Would you agree to pay a 17,000% APR for a loan? Of course not, but many consumers are paying stratospheric rates when they opt into overdraft programs offered by their financial institutions, according to a report released Thursday by the Consumer Financial Protection Bureau.
I am one of them.
A few years ago, I used my debit card for a very small purchase — less than $10 if I recall correctly — but didn’t realize there wasn’t enough to cover it. (For fraud protection reasons I keep a very small amount of money in the account that my debit card is tied to. If I need to use it for a purchase or to get cash, I transfer in more from my other account.)
The fee for my $10 mistake was $35. Ouch.
In 2010, regulators instituted rules requiring financial institutions to get a debit cardholder’s permission before charging them a fee if a debit card purchase overdrafts their account. When that change came along, I chose not to opt in, and as a result, if there is not enough money in the account my debit card purchase will be declined.
But many consumers have opted in, and as a result they may be paying steep overdraft fees.
(Note that it is still possible to overdraft your account even if you didn’t opt in. For example, if you wrote a check or set up auto pay for a bill using your checking account and there wasn’t enough money in the account to cover that check or auto draft, then you could still be charged a non-sufficient funds fee by your financial institution.)
The fees for short-term “loans” (which is what they really are) add up. Consumers are using their debit cards more than ever, says the CFPB, “about 17 times a month.” And “more often than not, consumers who incur overdraft fees for using their debit card are doing so for small purchases of $24 or less.”
That’s where that 17,000% rate comes in. “Some consumers are essentially paying $34 – which is the typical overdraft fee – to have the bank spot them less than $24 for just a few days,” notes the press release from the CFPB. “If a consumer were to get a loan on those terms, that would equate to an annual percentage rate of over 17,000 percent.”
Don’t Get Stuck
What can you do to avoid paying that astronomical rate?
1. Find out what your bank or credit union’s fees are for standard overdraft and for NSF. The former usually describes the fee incurred when the bank or credit union allows a purchase with a debit card to go through even if there is not enough money in the account. The latter typically applies when you write a check or make an online payment directly from the account (not with a debit card) and it bounces.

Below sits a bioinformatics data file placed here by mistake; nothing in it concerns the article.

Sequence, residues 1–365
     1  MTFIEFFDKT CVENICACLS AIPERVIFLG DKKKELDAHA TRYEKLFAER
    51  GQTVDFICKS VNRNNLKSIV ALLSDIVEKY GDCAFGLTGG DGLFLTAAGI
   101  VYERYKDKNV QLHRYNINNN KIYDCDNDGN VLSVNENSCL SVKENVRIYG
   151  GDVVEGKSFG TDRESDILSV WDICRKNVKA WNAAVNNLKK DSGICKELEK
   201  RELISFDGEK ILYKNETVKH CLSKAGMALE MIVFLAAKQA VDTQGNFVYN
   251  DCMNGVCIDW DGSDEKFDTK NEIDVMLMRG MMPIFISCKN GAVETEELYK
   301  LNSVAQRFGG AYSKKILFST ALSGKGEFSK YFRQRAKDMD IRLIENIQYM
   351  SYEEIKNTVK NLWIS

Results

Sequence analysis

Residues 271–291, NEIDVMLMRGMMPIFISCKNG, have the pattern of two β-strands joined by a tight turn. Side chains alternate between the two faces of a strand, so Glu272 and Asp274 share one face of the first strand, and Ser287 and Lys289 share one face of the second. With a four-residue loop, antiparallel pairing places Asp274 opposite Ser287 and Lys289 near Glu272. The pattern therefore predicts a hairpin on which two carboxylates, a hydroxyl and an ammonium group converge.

2. If you have opted into standard overdraft, opt out. Not sure whether you did? Ask. On average, accounts for which consumers have opted into overdraft pay almost $260 per year in overdraft and NSF fees, compared to roughly $35 for non-opted-in accounts, says the CFPB.
3. Consider using a credit card instead of a debit card. If you can pay the bill in full each month, you’ll avoid interest, and if you choose a rewards card you can earn points, miles or cash back with each purchase. (Debit card rewards are pretty much a thing of the past.)
4. Sign up for alerts from your financial institution and get their app. Most offer text and/or email alerts if your balance falls below a certain amount. And with your financial institution’s mobile app you should be able to check your balance on the fly. (Be very cautious about using free WiFi to log into your account, however, as doing so may make your account vulnerable to a hacker.)
Fortunately overdrafts typically don’t affect your credit scores, although unpaid balances may eventually be turned over to collections that can appear on credit reports. You can find out whether an unpaid overdraft has impacted your credit by checking your credit reports and scores. (Here’s how to get your free annual credit reports and you can get a free credit score from Credit.com.)
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